These are the wives and the daughters of those who met in peace, and sate [i.e., sat] at the same tables, and were allied by marriage or by blood; and yet, after a certain day in August, 1642, never smiled upon each other again, nor met but in the field of battle; and at Marston Moor, at Newbury, or at Naseby, cut asunder all ties of love by the cruel sabre, and washed away in blood the memory of ancient friendship.

Let me cite a second example from De Quincy’s Suspiria de profundis:

He whose talk is of oxen, will probably dream of oxen: and the condition of human life, which yokes so vast a majority to a daily experience incompatible with much elevation of thought, oftentimes neutralizes the tone of grandeur in the reproductive faculty of dreaming, even for those whose minds are populous with solemn imagery.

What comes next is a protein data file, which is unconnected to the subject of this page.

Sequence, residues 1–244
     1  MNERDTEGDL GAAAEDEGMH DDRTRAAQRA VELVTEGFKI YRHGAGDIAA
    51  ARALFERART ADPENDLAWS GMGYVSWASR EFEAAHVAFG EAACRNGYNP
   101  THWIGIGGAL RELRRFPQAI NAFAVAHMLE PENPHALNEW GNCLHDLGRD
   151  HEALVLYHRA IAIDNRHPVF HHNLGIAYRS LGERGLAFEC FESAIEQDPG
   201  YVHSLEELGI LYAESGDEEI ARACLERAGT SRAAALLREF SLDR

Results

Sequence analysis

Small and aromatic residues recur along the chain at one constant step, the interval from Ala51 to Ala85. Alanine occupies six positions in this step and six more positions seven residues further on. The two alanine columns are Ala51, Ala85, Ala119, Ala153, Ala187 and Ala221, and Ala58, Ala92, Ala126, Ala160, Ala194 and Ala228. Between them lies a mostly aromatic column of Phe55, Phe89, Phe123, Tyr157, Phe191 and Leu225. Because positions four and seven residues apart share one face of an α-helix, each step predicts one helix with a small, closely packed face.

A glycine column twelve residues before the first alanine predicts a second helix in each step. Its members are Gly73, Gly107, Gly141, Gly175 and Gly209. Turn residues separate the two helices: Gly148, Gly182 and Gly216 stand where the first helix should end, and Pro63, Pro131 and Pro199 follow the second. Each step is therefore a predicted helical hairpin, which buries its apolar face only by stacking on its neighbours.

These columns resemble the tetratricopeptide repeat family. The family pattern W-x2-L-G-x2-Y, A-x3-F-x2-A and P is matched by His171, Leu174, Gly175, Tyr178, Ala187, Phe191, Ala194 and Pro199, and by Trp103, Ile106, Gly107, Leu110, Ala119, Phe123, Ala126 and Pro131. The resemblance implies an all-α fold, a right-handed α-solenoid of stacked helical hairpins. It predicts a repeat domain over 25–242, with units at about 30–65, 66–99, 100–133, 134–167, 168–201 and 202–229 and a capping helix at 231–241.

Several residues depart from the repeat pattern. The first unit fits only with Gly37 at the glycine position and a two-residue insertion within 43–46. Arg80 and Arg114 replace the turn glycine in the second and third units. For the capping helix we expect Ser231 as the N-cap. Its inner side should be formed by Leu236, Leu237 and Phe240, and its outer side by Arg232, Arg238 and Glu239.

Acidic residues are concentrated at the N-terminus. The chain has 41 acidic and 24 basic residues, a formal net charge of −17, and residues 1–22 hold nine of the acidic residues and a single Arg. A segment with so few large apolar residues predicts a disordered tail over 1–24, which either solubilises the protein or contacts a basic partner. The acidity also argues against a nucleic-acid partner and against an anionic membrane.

See the comma in that first sentence? Grammatically taboo today. But De Quincy, though placing a comma between subject and verb, does so only where one would naturally pause to take a breath, which is what a comma should signify, right? Seems to me we ought still to be able to do that today. Of course, there are those who would call us illiterate were we to do so.

Descartes and Sartre on Existence

“I rebel, therefore we exist.” — Jean-Paul Sartre

Most people are familiar with René Descartes philosophical aphorism “cogito, ergo sum” (I think, therefore I am). But fewer know how he died.

In 1650, Descartes was living in Stockholm, Sweden, where he had been invited as a tutor to Queen Christina. One day—the actual date was February 11—Descartes walked into a tavern and the barkeep said to him, “Want a beer?” at which Descartes replied: “I think not.”